Time is both important and unimportant to a rider on cross-country. For an event rider, knowing speeds and time in your head can be the difference in mere seconds. At the lower levels, time is one of the least important parts of the round, as the rider should be trying to be in control and safe. At the top levels, time is of the utmost importance as it can mean moving up or down in placings. The good news is this is something that can be explained and taught. If a rider practices this enough, eventually they can develop a “clock in their head”. This will help them at all levels to maintain a consistent and safe speed while out competing. A simple lesson in speed and time can teach riders how to effectively manage their speed on cross-country.

To Begin

Some items you will need to practice this include; at least four to five cones, a stopwatch, a meter wheel, an extra person to run the stopwatch, and a lot of space. This is best done in a giant field or at a place where events are held and riders and horses can continue on a long straight stretch. It is best to do this exercise without jumps. A rider should have a good idea of optimum pace before they start adjusting to make up for time used to jump a combination of fences.

Start by measuring out your distance using a meter wheel. Put a cone at what will be your starting point (making sure there is enough room before the cone for the horse and rider to get moving). Measure out on the metric wheel a distance of 300 meters (Beginner Novice goes that distance in a minute), put a cone at the end of that distance. Continue on straight to 350 meters (Novice goes this far in one minute). Next continue on to 450 meters (now you have gotten to the Training distance for one minute), and finally at 520 meters from the start, put your last cone. This is the distance a Preliminary horse and rider cover in one minute.

What to do now

This is when you put yourself to the test. The first cone is the starting point. Try to get your horse moving at close to the speed you are trying to obtain as you pass that first cone. Your extra person will stand at a distance where they can see the first and last cone in the series so they can start and stop the stopwatch as you pass the first cone and then the cone you are riding to.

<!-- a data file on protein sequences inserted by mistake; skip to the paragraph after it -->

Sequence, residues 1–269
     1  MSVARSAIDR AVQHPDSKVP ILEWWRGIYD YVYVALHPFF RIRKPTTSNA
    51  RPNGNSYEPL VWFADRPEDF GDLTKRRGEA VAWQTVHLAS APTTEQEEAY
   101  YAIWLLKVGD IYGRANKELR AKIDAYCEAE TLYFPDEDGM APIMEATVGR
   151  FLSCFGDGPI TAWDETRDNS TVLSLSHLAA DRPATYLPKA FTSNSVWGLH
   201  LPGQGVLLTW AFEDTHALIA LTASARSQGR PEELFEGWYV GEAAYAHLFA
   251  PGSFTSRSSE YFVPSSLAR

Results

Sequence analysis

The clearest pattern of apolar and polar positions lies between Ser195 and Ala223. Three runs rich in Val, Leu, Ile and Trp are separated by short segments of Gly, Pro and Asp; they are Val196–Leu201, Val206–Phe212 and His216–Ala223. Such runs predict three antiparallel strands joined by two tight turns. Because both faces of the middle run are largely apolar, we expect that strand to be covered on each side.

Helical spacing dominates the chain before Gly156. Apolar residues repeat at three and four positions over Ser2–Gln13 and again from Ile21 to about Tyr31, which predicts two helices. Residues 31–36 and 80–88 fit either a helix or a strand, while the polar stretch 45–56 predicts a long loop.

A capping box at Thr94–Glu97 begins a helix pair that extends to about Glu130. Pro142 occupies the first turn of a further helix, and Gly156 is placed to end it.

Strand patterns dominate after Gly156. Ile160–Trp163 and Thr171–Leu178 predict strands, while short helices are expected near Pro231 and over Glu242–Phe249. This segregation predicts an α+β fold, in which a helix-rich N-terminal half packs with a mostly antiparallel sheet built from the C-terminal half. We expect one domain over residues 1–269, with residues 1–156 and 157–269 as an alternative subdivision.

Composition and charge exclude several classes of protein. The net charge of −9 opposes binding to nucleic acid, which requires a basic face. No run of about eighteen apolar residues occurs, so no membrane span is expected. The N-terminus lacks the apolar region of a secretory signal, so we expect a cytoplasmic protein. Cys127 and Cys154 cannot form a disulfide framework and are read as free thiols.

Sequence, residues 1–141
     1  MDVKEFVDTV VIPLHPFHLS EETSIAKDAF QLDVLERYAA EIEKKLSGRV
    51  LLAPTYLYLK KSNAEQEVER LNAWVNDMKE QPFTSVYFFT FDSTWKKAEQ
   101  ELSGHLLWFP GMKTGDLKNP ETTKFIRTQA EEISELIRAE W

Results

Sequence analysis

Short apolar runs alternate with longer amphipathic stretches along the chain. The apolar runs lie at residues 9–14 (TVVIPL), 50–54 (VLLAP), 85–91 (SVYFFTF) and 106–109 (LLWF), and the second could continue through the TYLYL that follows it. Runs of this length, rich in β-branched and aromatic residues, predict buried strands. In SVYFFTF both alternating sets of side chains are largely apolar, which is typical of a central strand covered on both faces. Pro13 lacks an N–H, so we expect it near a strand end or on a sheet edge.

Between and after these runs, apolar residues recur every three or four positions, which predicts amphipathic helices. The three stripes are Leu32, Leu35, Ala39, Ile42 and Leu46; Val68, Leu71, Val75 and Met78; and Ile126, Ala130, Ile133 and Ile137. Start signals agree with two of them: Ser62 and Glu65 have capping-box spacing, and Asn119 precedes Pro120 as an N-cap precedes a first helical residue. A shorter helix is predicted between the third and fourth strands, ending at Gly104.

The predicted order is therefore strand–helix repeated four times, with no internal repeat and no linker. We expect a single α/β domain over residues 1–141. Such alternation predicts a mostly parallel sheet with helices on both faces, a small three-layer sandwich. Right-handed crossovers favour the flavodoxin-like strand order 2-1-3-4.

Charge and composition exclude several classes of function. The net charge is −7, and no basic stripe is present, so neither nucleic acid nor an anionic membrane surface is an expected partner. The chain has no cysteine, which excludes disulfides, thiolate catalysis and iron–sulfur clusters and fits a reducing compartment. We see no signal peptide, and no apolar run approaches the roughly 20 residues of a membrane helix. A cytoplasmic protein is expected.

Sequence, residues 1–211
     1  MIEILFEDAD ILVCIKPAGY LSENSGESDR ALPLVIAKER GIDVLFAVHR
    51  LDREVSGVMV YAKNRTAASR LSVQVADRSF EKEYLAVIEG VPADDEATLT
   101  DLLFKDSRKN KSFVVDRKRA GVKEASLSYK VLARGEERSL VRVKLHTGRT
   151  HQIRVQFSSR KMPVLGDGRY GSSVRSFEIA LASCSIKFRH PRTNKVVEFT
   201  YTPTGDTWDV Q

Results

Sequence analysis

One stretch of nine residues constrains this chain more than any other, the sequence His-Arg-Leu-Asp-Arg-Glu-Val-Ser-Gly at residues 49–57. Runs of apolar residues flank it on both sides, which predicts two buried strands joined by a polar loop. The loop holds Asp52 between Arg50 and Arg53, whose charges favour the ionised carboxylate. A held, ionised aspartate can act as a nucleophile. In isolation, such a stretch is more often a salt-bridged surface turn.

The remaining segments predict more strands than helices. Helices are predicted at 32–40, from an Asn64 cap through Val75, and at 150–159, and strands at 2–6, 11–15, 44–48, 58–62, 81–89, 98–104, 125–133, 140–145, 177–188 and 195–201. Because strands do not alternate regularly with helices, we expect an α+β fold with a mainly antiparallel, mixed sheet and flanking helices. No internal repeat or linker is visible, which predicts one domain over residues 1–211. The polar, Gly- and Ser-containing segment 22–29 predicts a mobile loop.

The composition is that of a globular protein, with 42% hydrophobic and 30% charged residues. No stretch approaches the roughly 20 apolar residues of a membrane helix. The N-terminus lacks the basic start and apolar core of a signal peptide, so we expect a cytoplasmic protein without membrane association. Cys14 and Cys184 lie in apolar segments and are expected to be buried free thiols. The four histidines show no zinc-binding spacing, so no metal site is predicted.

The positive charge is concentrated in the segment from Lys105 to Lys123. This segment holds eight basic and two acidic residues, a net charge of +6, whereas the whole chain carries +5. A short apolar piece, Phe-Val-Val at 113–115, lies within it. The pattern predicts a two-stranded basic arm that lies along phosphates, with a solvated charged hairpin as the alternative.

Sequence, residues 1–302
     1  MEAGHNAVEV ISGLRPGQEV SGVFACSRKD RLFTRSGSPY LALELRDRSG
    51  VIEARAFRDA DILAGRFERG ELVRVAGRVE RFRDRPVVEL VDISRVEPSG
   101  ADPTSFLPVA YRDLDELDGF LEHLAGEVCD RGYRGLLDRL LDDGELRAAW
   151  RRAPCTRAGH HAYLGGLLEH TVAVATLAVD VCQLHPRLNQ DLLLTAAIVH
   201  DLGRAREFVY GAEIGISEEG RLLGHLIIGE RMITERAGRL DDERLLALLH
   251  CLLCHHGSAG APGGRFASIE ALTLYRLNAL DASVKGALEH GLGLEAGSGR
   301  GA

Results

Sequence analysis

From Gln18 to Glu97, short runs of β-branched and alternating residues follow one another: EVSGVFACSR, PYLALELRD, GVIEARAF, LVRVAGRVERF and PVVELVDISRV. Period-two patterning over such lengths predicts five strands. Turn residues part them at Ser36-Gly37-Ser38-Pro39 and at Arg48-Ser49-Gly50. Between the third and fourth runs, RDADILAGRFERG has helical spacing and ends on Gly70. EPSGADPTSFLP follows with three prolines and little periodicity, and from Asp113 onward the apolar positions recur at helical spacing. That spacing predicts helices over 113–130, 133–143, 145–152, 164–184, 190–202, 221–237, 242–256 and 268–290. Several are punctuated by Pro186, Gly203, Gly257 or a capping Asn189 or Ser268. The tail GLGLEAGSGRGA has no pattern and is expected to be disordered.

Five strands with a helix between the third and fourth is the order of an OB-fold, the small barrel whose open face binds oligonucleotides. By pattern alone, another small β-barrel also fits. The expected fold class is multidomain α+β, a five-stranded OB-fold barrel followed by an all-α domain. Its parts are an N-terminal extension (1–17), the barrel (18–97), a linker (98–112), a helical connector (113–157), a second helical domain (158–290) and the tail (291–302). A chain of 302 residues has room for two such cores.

It is important to know the speed of each of these levels. Start with the shortest distance. The speed of 300mpm (meters per minute) is for Beginner Novice Level. 300mpm is an easy canter. It is not super slow, but should not necessarily be “pushing” the horse. Once you have gone and had a chance to hear your time, go a second time and try to get closer, depending on how fast or slow you went the first time. It usually takes about 2-3 rounds for someone to get nearest to a minute. Each horse will be different in speed due to stride length and moments of suspension in the canter. Once you have mastered the Beginner Novice speed, you can go from the 1st cone to the 3rd cone for Novice, which is a bit faster at 350mpm, then 1st to 4th cone for Training at 450mpm. This is a pretty good increase in speed, so it’s ok to move a little faster. Finally, if you feel successful you can go from the 1st to 5th cone at Preliminary speed (520mpm) which is a gallop.

It is good to practice this as many times as needed to help riders understand speed and timing. You can modify your training to putting cones every ____ meters and trying to get the same time over two or three minutes. Once you have gained a good clock in your head, you can start to add jumps into the equation to help teach you how to maintain a good pace while being able to set up for fences, but not lose time.

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